History of Medical Technology in the Philippines
History of Medical Technology in the Philippines BY eyeteeth On January 9, 1945, 850 US ships of the 6th US Army began a round-about to Lineages Gulf attempting to mislead the Japanese. Manila was taken and Corridor was liberated, finally, real medical faceless were made available to the Philippines which Include the 26th Medical Laboratory of the 6th US Army. The said laboratory was located at 208 Curricula Street, Sat. Cruz, Manila, but now known as the Public Health Laboratory; a division of the Manila Health Department.
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As early as February of that year, training of civilians to become members of the healthcare team was already being done. The 6th US army left the laboratory on June 1945. The laboratory was endorsed to the National Department of Health, but the department didn’t seem to be interested in pursuing the objectives of the laboratory. The 2nd World War ended on September 1945 and barely, a month later, the laboratory was formerly reorganized by Dir. Plop De Road and assisted by Dir. Marino Casino who was then the Manila City Health Officer.
The laboratory was later named Manila Public Health Laboratory. A training program for Individuals aspiring to become laboratory workers was offered In 1947 by Dir. Plop De Road In collaboration with Drama. Prudence Sat. Ana. Trainees were mostly high school graduates and paramedical graduates. The trawling proved to be ineffective because the trainees were never motivated and there was no program that was supposed to last for a set period of time and no certificates were issued to the trainees. Realizing this, Dir. Poi De Road instructed Drama. Sat.
Ana to prepare a formal syllabus of the training program. In 1954, the training began using a syllabus and it was to last 6 months. The training program offered by Dir. Poi De Road did not last long because during that same year, the formal education of Medical Technology in the Philippines began. History of Medical Technology in the During World War II, Philippines was seriously affected. Pearl Harbor was Invaded by Japan on December 7,1941. Three days later, Japan conquered the entire Philippines, causing the wrath of the united States to flare up.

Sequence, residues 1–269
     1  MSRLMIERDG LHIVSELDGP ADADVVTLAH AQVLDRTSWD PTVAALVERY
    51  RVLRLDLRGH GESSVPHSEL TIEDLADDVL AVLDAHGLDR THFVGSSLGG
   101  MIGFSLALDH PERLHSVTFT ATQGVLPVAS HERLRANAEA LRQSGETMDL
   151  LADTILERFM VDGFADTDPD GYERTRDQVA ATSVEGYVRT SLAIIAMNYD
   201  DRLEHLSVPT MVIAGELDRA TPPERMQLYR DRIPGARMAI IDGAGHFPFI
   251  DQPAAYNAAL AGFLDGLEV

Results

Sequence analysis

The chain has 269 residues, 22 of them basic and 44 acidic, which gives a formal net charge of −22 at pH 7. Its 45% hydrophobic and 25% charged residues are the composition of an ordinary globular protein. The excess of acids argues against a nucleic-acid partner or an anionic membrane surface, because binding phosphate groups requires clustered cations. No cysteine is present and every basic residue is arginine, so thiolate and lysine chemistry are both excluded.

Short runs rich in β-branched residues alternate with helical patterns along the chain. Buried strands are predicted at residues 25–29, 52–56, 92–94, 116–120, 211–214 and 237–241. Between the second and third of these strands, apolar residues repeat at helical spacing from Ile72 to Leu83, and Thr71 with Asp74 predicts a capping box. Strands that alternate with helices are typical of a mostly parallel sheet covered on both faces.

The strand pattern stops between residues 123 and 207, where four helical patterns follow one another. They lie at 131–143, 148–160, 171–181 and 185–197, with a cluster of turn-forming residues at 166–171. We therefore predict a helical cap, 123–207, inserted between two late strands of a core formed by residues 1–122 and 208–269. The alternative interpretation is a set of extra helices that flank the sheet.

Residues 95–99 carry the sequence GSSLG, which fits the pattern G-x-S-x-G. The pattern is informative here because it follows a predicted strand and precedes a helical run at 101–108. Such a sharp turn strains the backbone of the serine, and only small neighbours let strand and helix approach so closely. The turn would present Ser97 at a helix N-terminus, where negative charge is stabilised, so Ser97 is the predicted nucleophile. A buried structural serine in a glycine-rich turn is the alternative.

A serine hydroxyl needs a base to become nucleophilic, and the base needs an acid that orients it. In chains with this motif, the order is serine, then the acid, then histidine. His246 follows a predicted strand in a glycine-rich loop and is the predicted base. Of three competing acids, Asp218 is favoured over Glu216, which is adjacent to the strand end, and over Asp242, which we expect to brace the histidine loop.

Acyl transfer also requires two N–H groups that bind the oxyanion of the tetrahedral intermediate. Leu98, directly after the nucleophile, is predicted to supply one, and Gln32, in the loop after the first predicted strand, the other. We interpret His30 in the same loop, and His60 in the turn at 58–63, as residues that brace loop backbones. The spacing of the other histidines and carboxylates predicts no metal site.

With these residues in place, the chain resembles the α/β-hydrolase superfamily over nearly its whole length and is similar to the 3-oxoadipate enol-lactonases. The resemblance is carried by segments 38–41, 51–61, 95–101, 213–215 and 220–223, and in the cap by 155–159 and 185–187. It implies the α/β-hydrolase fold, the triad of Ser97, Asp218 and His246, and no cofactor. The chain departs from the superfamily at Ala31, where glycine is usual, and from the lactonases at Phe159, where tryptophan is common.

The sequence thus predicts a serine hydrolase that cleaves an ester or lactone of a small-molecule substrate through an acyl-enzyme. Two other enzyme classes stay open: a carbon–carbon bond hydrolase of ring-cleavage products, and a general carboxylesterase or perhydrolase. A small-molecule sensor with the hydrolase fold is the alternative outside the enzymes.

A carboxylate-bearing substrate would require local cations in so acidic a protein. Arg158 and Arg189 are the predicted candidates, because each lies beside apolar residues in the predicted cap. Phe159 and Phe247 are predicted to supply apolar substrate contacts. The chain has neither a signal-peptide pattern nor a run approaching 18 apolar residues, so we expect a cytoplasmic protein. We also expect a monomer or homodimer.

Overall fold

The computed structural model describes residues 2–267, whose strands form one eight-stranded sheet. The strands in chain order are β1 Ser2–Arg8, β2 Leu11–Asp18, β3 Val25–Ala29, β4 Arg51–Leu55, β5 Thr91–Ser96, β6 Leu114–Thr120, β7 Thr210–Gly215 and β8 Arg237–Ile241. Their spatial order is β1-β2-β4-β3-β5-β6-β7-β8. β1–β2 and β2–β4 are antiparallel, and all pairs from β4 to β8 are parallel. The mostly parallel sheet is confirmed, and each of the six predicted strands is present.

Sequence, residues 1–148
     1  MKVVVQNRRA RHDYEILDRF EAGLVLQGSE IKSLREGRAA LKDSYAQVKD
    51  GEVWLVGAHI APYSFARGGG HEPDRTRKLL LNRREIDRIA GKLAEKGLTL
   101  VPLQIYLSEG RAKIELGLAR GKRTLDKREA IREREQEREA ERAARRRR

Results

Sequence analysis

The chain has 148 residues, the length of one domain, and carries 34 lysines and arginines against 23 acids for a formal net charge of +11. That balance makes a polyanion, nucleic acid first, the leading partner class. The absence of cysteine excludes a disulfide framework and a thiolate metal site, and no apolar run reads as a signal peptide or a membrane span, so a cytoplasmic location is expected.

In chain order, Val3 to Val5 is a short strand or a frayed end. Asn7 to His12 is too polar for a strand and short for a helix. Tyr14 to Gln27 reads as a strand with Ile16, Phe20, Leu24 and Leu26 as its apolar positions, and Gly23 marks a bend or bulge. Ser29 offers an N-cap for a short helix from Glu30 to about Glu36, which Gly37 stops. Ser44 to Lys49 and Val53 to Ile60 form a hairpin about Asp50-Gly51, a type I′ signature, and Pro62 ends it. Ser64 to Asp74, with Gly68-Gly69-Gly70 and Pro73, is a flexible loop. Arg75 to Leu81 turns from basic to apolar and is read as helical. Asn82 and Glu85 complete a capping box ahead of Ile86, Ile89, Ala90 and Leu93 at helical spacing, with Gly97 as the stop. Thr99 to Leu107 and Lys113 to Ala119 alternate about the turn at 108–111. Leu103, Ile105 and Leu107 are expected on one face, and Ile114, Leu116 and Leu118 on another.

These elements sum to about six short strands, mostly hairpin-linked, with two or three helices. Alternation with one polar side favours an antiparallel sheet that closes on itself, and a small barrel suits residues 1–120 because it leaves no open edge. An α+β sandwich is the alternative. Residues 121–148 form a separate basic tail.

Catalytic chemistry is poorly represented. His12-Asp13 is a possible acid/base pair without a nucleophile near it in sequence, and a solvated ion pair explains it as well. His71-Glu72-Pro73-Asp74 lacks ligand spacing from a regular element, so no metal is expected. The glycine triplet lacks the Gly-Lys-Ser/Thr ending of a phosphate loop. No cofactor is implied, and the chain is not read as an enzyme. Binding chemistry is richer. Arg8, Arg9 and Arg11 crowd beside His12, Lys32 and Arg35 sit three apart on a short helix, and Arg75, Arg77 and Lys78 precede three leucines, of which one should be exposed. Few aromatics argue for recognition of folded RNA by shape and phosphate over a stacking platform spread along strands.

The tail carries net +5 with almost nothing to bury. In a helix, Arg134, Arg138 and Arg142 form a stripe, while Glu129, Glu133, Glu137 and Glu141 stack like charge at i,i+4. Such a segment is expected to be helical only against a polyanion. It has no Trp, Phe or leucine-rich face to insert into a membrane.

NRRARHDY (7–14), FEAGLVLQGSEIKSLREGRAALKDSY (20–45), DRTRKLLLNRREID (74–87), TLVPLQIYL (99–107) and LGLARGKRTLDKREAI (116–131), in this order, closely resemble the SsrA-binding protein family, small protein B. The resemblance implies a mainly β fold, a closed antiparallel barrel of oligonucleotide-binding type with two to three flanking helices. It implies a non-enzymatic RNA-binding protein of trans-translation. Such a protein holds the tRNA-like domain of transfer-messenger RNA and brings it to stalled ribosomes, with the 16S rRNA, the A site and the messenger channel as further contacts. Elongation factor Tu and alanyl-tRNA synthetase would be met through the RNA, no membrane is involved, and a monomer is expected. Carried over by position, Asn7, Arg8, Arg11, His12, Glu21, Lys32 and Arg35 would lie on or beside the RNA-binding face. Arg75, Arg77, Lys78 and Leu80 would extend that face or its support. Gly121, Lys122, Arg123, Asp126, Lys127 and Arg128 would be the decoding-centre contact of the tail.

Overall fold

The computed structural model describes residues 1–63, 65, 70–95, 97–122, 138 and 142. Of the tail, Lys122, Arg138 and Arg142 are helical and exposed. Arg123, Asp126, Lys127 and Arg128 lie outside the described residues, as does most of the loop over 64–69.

Illnesses and death was very evident. PART II The Board of Medical Technology was created in 1970 pursuant to Republic Act 5527 also known as the “Philippine Medical Technology Act of 1969. ” The law recognized medical technology as a profession and defined the practice of medical technology, subject to the registration and regulation policies of government. The first Board was composed of Dir. Arturo D. Toleration, Jar. As Chairman and Mr.. Felix E. Aspirer and Ms. Acumen S. J. Eviction as Members. The Board administered the first examination for
Medical Technology In September 1970, where only twenty-five percent of the examinees passed. In order to upgrade the quality of graduates, the Board established mutual relations with the Philippine Escalation of Schools of Medical Technology and Hygiene (PASTIME) in developing and updating the course syllabi to years, the Board has ensured that medical technologists are able to perform the responsibility of aiding physicians in the diagnosis, study and treatment of diseases and in the promotion of health in general.
With the impending liberalizing of trade n services, the Board actively participates in the Consultative Meetings of PR regarding the SEAN Negotiations on Services and Mutual Recognition Agreement. It coordinates with the Philippine Association of Medical Technologists (PAMELA) and other CAPE providers to improve the professional skills and values systems of professionals and to adopt the latest technological developments in their field. Today, medical technologists are serving in hospital and free-standing laboratories, clinics, pharmaceutical companies, schools, food and cosmetic industries here and abroad.